The next day she came in with a dialogue between God and the archangel Raphael. Raphael is very pleased with Abraham’s response to God’s demand and begins extolling Abraham’s virtues to God. God is not enthusiastic.
The more Raphael praises Abraham, the less enthusiastic God gets. Finally Raphael says, “But God, you put Abraham to the test and he passed.”
God replies, “He did not pass. He failed. He chose law over love.”
And all kinds of lights flashed on for me.
The dialogue between Raphael and God continues until God tells Raphael to go, and Raphael says, “Yes, ma’am.”
This presents us with a totally different image of God. When Madelyn used this story in a sermon, there were some in the congregation who could not get past the last line. Yes, ma’am. They were scandalized that she put a feminine face on God. Yet, maybe we need to challenge our image of God in this passage. I believe it is always important to be open to interpretations that we have never considered. We can always choose to disagree, but our own understanding is enriched when we hear something different.
Many would say that the concept of following love over law is a very New Testament view of this story. However, if you really dig into the Hebrew scriptures you can find many images of a loving God. This point is certainly worth pondering as we try to do our discernment homework of making decisions while listening to God. Jesus did say several times I have come to fulfill the law not to overturn it. Jesus however looks at the law through the lens of love, a love that is firmly grounded however in Hebrew Scriptures. Remember he says the greatest commandment is “love the Lord your God with all your heart and all your soul and all your mind, and the second is like unto it, love your neighbor as yourself. On these two commandments hang all the law and the prophets.” Jesus is quoting the Torah, from both Deuteronomy 6 and Leviticus.
Maybe the point is that no matter what Abraham did, God loves him, God provides for him. Over the last few weeks, we have seen multiple examples of Abraham’s failing. God promises to make him the father of a great nation, but just in case that does not happen, Abraham has a son with Hagar even though the promise was through Sarah. When he goes down to Egypt he pretends Sara is his sister, not his wife because he fears what will happen to him. His premise being the Sarah is so attractive that he will be killed so Pharaoh can marry Sarah. He does not trust God to protect him or Sarah, without whom the promise will not be fulfilled.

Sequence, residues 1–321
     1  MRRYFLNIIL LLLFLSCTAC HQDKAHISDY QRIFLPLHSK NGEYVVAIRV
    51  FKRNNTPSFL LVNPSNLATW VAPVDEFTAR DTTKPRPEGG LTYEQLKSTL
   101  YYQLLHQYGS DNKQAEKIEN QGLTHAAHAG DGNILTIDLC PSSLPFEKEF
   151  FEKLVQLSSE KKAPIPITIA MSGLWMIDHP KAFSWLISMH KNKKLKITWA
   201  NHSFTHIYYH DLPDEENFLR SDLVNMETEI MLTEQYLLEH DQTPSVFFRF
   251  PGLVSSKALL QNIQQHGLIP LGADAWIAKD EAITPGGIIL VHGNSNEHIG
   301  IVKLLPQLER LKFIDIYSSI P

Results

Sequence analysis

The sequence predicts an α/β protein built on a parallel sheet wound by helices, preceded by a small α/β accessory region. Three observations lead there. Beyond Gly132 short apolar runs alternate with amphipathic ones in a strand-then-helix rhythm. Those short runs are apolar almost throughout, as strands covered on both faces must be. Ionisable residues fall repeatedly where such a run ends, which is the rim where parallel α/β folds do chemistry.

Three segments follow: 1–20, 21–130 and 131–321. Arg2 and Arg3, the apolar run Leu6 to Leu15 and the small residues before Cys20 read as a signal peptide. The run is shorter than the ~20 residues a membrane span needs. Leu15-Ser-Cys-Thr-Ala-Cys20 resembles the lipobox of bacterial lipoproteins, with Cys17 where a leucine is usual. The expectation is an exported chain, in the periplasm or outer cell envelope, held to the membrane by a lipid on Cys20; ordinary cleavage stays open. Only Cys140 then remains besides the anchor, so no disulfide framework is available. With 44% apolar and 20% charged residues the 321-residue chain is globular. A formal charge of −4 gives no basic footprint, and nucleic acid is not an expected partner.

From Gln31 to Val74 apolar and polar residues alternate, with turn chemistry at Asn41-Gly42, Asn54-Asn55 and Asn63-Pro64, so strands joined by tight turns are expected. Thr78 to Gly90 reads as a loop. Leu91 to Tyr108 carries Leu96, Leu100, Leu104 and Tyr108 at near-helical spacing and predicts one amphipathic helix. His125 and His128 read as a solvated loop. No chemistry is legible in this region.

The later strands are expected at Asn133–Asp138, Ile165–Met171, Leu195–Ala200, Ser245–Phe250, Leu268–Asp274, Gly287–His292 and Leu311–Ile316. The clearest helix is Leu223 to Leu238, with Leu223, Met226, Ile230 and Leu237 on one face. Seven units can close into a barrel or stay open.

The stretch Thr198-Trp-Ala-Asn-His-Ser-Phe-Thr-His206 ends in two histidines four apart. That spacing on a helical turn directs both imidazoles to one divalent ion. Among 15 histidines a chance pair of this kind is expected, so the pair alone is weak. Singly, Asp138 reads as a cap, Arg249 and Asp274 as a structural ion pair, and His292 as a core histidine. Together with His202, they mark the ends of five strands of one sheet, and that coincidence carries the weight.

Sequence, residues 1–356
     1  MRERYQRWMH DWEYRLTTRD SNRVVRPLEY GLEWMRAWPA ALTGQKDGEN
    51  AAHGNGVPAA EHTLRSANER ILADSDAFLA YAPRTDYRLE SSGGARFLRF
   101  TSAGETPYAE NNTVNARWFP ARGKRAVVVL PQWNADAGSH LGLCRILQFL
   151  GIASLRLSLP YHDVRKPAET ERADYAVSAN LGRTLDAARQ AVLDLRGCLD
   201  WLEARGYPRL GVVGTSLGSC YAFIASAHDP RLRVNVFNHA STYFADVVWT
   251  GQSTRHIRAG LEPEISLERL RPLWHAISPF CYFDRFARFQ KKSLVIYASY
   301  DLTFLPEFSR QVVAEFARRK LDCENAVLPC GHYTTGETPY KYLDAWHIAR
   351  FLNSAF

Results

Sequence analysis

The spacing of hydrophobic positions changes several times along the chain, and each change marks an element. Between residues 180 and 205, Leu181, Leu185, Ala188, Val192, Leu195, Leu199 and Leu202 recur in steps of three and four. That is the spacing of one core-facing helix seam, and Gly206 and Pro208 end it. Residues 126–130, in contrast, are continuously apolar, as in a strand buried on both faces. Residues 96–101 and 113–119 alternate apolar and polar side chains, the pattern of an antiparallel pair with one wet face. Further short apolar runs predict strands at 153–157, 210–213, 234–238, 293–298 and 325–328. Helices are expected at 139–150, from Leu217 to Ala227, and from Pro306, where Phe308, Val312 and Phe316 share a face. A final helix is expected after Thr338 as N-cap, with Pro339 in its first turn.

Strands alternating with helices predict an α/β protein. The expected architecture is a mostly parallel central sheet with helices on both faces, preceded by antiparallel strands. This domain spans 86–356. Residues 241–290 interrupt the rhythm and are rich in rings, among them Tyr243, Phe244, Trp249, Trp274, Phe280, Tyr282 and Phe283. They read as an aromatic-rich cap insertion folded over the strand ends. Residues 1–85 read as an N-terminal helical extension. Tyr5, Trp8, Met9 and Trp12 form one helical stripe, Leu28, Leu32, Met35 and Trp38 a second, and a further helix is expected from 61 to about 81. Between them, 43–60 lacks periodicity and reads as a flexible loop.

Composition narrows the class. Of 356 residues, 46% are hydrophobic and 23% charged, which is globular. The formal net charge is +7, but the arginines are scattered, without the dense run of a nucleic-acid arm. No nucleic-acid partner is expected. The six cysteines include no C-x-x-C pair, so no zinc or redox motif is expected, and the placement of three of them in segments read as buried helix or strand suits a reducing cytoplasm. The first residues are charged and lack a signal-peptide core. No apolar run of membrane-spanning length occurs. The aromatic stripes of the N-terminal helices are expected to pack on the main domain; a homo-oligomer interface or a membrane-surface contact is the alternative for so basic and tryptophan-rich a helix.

Yet in all of this, God is faithful and patient with Abraham. Fortunately, God is also faithful with us, even when we fail. Many of us are happy to follow God’s lead as long as it seems to make sense and agrees with where we want to go. Many of us like Abraham want to hedge our bets. We trust God, but when things seem to be going wrong we panic and substitute our will for God’s will. It is in these moments that we really need to trust God and maybe, just maybe look a little harder for the ram hidden in the bush. If we truly trust in God, we will trust that the ram is there in whatever form we need. The point is that we need to look up and pay attention if we are going to see the ram, see what God has put in our path.
You have begun by now to figure out that I am heavily influenced by both Ignatian and Franciscan spirituality. One of the overarching principles of Franciscan spirituality is God’s love of all creation. I hear much of that in our Presiding Bishop’s preaching and teaching. He says, “If it’s not about love it is not about God.” So if nothing else I hope I am beginning to get you to look at God as truly a God of love and to see everything God does as moving from love for us. In these dark and challenging days that is the rock upon which we can all stand.